Which is a better fit, a square peg in a round hole or a round peg in a square hole?

How can you change the area of a shape but keep its perimeter the same? How can you change the perimeter but keep the area the same?

You have pitched your tent (the red triangle) on an island. Can you move it to the position shown by the purple triangle making sure you obey the rules?

Have a good look at these images. Can you describe what is happening? There are plenty more images like this on NRICH's Exploring Squares CD.

Grandpa was measuring a rug using yards, feet and inches. Can you help William to work out its area?

Look at the mathematics that is all around us - this circular window is a wonderful example.

This article for teachers gives some food for thought when teaching ideas about area.

A circle with the radius of 2.2 centimetres is drawn touching the sides of a square. What area of the square is NOT covered by the circle?

Can you draw a square in which the perimeter is numerically equal to the area?

Read about David Hilbert who proved that any polygon could be cut up into a certain number of pieces that could be put back together to form any other polygon of equal area.

Polygons drawn on square dotty paper have dots on their perimeter (p) and often internal (i) ones as well. Find a relationship between p, i and the area of the polygons.

Explore this interactivity and see if you can work out what it does. Could you use it to estimate the area of a shape?

In this game for two players, you throw two dice and find the product. How many shapes can you draw on the grid which have that area or perimeter?

My local DIY shop calculates the price of its windows according to the area of glass and the length of frame used. Can you work out how they arrived at these prices?

What is the largest 'ribbon square' you can make? And the smallest? How many different squares can you make altogether?

Use the information on these cards to draw the shape that is being described.

A simple visual exploration into halving and doubling.

I cut this square into two different shapes. What can you say about the relationship between them?

What happens to the area and volume of 2D and 3D shapes when you enlarge them?

What can you say about these shapes? This problem challenges you to create shapes with different areas and perimeters.

What fractions of the largest circle are the two shaded regions?

How would you move the bands on the pegboard to alter these shapes?

At the corner of the cube circular arcs are drawn and the area enclosed shaded. What fraction of the surface area of the cube is shaded? Try working out the answer without recourse to pencil and. . . .

Bluey-green, white and transparent squares with a few odd bits of shapes around the perimeter. But, how many squares are there of each type in the complete circle? Study the picture and make. . . .

Determine the total shaded area of the 'kissing triangles'.

A thoughtful shepherd used bales of straw to protect the area around his lambs. Explore how you can arrange the bales.

Investigate the different ways of cutting a perfectly circular pie into equal pieces using exactly 3 cuts. The cuts have to be along chords of the circle (which might be diameters).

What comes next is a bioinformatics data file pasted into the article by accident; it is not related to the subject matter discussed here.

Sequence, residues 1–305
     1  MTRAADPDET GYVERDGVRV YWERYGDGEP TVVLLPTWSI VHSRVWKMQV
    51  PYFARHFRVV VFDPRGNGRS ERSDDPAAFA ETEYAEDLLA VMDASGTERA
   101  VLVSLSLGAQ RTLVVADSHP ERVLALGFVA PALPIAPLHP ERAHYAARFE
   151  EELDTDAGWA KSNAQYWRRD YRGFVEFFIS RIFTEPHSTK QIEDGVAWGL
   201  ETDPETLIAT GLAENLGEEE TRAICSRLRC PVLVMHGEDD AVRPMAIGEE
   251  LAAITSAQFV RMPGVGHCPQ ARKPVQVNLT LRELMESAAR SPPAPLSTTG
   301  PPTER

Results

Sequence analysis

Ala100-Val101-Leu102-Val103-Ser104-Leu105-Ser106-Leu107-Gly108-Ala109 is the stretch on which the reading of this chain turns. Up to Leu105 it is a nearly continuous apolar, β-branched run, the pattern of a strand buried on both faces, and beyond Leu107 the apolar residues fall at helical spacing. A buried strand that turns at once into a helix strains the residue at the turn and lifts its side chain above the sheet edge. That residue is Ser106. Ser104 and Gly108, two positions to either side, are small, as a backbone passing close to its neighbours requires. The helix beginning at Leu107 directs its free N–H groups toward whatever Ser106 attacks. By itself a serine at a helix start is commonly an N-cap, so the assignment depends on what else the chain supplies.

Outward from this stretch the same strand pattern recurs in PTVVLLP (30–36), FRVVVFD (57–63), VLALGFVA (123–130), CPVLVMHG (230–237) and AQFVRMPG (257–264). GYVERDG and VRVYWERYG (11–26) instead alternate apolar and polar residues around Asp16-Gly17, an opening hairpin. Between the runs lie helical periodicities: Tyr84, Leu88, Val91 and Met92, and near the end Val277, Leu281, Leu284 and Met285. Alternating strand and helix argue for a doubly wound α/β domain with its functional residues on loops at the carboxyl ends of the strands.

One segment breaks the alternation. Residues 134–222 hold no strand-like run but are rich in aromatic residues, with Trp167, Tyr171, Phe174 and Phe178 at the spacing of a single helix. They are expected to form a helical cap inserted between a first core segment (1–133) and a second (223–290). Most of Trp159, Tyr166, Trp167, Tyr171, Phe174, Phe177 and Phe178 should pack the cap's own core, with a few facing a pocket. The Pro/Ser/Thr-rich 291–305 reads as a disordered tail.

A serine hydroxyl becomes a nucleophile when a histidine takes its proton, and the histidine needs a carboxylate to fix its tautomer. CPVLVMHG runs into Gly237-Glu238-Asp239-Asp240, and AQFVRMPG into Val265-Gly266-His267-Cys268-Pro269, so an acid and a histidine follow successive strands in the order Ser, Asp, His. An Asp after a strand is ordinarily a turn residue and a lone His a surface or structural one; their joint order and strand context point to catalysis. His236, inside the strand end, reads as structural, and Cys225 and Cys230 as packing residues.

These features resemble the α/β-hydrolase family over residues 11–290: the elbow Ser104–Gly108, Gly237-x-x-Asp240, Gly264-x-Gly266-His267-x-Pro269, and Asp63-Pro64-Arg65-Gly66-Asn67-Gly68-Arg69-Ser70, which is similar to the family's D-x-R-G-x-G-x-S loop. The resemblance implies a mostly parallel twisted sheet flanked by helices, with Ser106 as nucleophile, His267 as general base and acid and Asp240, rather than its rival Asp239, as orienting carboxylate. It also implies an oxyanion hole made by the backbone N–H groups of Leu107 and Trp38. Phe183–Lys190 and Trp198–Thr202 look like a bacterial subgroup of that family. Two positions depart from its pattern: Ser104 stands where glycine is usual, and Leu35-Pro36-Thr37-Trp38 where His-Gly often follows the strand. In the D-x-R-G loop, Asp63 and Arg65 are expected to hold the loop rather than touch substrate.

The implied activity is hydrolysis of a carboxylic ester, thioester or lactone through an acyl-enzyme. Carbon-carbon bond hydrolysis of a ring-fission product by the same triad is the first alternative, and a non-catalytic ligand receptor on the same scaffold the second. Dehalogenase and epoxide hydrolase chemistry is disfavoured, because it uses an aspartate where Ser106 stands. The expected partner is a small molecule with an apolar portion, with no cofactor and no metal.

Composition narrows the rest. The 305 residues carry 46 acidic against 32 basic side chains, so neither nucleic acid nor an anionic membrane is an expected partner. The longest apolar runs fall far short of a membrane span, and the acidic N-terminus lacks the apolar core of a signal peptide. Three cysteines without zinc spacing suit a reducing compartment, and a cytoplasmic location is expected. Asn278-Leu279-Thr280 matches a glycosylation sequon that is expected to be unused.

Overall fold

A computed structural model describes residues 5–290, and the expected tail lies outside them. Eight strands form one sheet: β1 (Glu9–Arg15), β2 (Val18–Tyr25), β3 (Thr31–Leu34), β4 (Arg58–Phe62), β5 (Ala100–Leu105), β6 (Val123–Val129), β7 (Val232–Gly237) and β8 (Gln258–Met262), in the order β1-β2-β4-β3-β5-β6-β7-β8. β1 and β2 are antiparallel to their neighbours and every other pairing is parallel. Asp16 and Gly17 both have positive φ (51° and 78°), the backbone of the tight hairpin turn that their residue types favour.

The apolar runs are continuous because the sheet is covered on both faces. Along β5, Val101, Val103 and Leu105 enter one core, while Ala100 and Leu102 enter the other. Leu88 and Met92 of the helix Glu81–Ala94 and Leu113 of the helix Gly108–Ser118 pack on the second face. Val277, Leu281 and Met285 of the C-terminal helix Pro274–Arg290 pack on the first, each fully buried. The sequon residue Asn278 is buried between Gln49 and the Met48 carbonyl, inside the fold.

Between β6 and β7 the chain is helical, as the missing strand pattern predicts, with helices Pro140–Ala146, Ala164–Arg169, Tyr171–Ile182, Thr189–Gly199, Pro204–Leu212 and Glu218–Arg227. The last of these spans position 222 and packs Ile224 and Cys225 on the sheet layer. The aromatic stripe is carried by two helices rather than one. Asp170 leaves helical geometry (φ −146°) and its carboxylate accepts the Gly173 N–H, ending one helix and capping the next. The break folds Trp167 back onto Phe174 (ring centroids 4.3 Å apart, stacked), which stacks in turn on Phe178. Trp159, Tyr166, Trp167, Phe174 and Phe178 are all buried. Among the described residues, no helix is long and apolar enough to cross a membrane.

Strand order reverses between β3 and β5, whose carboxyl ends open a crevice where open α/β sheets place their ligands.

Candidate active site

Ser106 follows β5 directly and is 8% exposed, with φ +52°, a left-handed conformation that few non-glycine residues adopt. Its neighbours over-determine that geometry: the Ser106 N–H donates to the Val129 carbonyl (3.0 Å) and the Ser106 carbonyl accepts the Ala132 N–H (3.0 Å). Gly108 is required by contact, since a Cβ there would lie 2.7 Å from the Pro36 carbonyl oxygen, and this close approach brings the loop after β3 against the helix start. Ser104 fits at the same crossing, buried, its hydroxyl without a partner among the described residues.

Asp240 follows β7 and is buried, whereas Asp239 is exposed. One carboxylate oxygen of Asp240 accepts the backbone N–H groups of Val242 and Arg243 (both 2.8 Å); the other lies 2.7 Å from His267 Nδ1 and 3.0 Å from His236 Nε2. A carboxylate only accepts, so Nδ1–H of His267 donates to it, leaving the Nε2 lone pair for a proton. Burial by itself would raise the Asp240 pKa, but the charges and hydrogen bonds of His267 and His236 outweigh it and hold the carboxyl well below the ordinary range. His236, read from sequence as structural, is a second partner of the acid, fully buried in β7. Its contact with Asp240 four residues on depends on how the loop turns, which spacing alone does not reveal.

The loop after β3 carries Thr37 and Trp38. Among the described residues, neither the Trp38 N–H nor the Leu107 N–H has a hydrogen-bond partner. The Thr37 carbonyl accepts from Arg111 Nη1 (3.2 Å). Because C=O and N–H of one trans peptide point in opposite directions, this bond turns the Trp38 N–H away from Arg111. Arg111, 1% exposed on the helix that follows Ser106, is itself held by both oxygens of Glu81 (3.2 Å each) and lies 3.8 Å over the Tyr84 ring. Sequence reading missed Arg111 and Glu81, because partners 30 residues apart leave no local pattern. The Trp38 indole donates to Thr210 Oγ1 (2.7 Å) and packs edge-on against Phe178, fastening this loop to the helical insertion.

How have "Warmsnug" arrived at the prices shown on their windows? Which window has been given an incorrect price?

What are the areas of these triangles? What do you notice? Can you generalise to other "families" of triangles?

Measure problems for primary learners to work on with others.

Can you work out the area of the inner square and give an explanation of how you did it?

Measure problems for inquiring primary learners.

Measure problems at primary level that require careful consideration.

It is possible to dissect any square into smaller squares. What is the minimum number of squares a 13 by 13 square can be dissected into?

If you have only 40 metres of fencing available, what is the maximum area of land you can fence off?

It's easy to work out the areas of most squares that we meet, but what if they were tilted?

Can you help the children find the two triangles which have the lengths of two sides numerically equal to their areas?

Draw some isosceles triangles with an area of $9$cm$^2$ and a vertex at (20,20). If all the vertices must have whole number coordinates, how many is it possible to draw?

What do these two triangles have in common? How are they related?

An investigation that gives you the opportunity to make and justify predictions.

Use the interactivity to find all the different right-angled triangles you can make by just moving one corner of the starting triangle.

Measure problems at primary level that may require determination.

A task which depends on members of the group noticing the needs of others and responding.

Cut differently-sized square corners from a square piece of paper to make boxes without lids. Do they all have the same volume?

I'm thinking of a rectangle with an area of 24. What could its perimeter be?

Investigate the area of 'slices' cut off this cube of cheese. What would happen if you had different-sized block of cheese to start with?

These practical challenges are all about making a 'tray' and covering it with paper.

Are these statements always true, sometimes true or never true?

Investigate all the different squares you can make on this 5 by 5 grid by making your starting side go from the bottom left hand point. Can you find out the areas of all these squares?

A follow-up activity to Tiles in the Garden.